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Watch for our reviews.
Devoted followers of ZOOM STREET will be familiar with the late French writer Pascal Garnier. Indeed, Garnier quickly became one of my favorite practitioners of noir fiction after I read his short novel, THE PANDA THEORY in 2014. The author manages to blend eerie, atmospheric suspense with jolts of black humor.
Gallic Books has, for years, been treating American readers to superb translations of the author’s noirish novelettes in compact, uniform editions. If you’ve missed these stand-alones, you’re in luck because the publisher has just released GALLIC NOIR (Vol. 1), a collection of three Garnier novels. This is the first of three volumes and in addition to THE PANDA THEORY, it includes HOW’S THE PAIN? and THE A26.
I suggest you start with this collection—especially since it contains my fave—and by the time you’re finished you’ll be hungry for Gallic Noir: Volume 2.
As for the cover… my first reaction was: Aha!—a hook to lure beach-goers in search of JAWS! But then I realized the shark was a good metaphor for Garnier’s fiction, as the menace lies below the surface of the mundane, and a strong undertow draws you out… just beyond the lifeguard’s reach.
Alphonse Allais (1854-1905) was France’s greatest humorist. His elegance, scientific curiosity, preoccupation with language and logic, wordplay and flashes of cruelty inspired Alfred Jarry, as well as succeeding generations of Surrealists, Pataphysicians, and Oulipians. THE SQUADRON’S UMBRELLA collects 39 of Allais’s funniest stories — many originally published in the legendary paper LE CHAT NOIR, written for the Bohemians of Montmartre. Included are such classic pranks on the reader as “The Templars” (in which the plot becomes secondary to remembering the hero’s name) and “Like the Others” (in which a lover’s attempts to emulate his rivals lead to fatal but inevitable results.) These tales have amused and inspired generations, and now English readers can enjoy the master absurdist at his best. As the author promises, this book contains no umbrella and the subject of squadrons is “not even broached.”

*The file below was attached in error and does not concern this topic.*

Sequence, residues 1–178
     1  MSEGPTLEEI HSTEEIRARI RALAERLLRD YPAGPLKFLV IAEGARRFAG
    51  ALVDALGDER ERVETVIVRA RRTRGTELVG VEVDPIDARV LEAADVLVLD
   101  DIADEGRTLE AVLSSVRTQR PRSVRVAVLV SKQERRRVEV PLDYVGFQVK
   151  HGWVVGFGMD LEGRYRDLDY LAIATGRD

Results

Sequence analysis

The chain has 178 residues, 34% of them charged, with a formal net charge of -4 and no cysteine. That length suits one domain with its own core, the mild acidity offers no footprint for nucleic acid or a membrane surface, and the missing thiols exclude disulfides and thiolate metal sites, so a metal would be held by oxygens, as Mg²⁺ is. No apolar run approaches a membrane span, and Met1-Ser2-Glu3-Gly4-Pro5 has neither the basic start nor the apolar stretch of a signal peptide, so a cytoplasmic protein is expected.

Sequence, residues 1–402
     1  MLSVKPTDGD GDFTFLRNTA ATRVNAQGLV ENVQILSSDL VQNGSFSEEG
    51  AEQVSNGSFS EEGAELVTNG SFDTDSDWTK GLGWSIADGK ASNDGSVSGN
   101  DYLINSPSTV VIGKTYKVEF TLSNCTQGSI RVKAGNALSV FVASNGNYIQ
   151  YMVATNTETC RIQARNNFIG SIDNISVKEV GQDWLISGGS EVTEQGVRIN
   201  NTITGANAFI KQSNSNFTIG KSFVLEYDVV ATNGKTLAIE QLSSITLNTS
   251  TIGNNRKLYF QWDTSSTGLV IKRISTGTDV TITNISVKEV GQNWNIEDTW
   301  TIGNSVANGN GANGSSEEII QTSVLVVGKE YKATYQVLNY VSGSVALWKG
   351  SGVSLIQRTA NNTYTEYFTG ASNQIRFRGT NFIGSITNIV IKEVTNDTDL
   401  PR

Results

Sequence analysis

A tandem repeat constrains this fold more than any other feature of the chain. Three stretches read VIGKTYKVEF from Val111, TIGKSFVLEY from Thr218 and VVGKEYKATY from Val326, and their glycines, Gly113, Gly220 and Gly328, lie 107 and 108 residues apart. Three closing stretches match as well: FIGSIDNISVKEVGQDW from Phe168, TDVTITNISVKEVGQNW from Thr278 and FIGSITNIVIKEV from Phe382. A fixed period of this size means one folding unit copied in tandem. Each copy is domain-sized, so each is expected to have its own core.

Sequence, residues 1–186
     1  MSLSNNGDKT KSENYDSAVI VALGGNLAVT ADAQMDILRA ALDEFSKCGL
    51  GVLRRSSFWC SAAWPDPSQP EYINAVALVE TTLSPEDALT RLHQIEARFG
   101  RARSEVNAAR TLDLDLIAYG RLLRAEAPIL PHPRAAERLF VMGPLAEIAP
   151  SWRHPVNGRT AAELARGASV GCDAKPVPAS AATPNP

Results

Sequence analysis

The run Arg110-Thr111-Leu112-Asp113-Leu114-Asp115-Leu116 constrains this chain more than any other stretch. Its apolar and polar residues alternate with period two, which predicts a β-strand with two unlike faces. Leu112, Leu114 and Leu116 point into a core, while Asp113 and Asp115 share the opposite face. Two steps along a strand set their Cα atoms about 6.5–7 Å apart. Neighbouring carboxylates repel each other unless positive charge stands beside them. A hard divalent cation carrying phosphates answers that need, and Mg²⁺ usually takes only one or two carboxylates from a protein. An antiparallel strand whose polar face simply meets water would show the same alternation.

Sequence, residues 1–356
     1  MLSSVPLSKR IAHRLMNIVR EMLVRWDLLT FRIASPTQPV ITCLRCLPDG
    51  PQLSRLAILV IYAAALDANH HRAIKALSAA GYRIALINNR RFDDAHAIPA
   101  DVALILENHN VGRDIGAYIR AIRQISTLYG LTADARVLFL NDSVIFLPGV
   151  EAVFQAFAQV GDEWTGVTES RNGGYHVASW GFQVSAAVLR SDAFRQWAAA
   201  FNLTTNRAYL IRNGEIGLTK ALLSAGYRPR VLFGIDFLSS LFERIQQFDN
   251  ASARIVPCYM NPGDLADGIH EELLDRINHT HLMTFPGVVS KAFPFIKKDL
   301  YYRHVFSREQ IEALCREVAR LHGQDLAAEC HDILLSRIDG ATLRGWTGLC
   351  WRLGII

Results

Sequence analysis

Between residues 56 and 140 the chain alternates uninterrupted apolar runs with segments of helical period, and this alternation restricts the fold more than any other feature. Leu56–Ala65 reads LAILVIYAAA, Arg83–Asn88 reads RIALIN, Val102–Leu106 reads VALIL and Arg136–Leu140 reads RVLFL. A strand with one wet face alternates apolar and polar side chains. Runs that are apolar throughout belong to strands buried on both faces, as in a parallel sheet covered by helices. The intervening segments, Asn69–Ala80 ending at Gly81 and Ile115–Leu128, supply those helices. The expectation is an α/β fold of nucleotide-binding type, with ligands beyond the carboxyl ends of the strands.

Whenever a novel by Eckhard Gerdes appears, it’s a cause for celebration. His books are filled with the unexpected. He has a big bag of tricks that make many of us envious, and his works contain hidden pleasures and manic wit. Experimental? You betcha, but only in the best sense.of that exasperating word, for Gerdes never forgets the reader–he engages you — challenges you, tickles you and kicks your ass.
Hugh Moore (pun intended) was originally published in 2010, but the book was hard to come by. So here’s a spanking new edition from Heroinum Press in Australia and I’m ready for some fine German brew, an overstuffed sofa, and a good reading lamp.
That this book features a foreword by Miriam Patchen, the widow of the great poet & novelist Kenneth Patchen, speaks volumes (no pun intended). Indeed, Eckhard Gerdes embodies the spirit of Kenneth Patchen – a sublime mixture of humor (OK, pun intended) and protest. But that’s as far as II’ll go here. As Magritte might have said (had he been an American), this is not a book review. This is a command: get Hugh Moore, read it immediately, and then we’ll talk.
New from Black Scat Books!
News from artist TERRI LLOYD…
“A life lived in silence is not a life.” Join us for a Friday night, June 6th screening of new dasring documentary AI WEIWEI THE FAKE CASE at the Laemmle Pasadena Playhouse Cinema, presented by the Haggus Society, with a special introduction from Terri Lloyd, artist & Haggus Society co-director!
Tickets, available Mon 6/3: http://ow.ly/xpmc5
Join the Facebook event for more details: http://on.fb.me/SbCBfN
The film will play at LA’s Laemmle Royal & Pasadena’s Laemmle Playhouse June 6-12 and in Laemmle Claremont matinees only June 6-7.
I’m told the ticket link won’t be live until Monday. Apparently they haven’t locked in the show time. It will be some time between 7–8 p.m.
That’s my story and I’m sticking to it.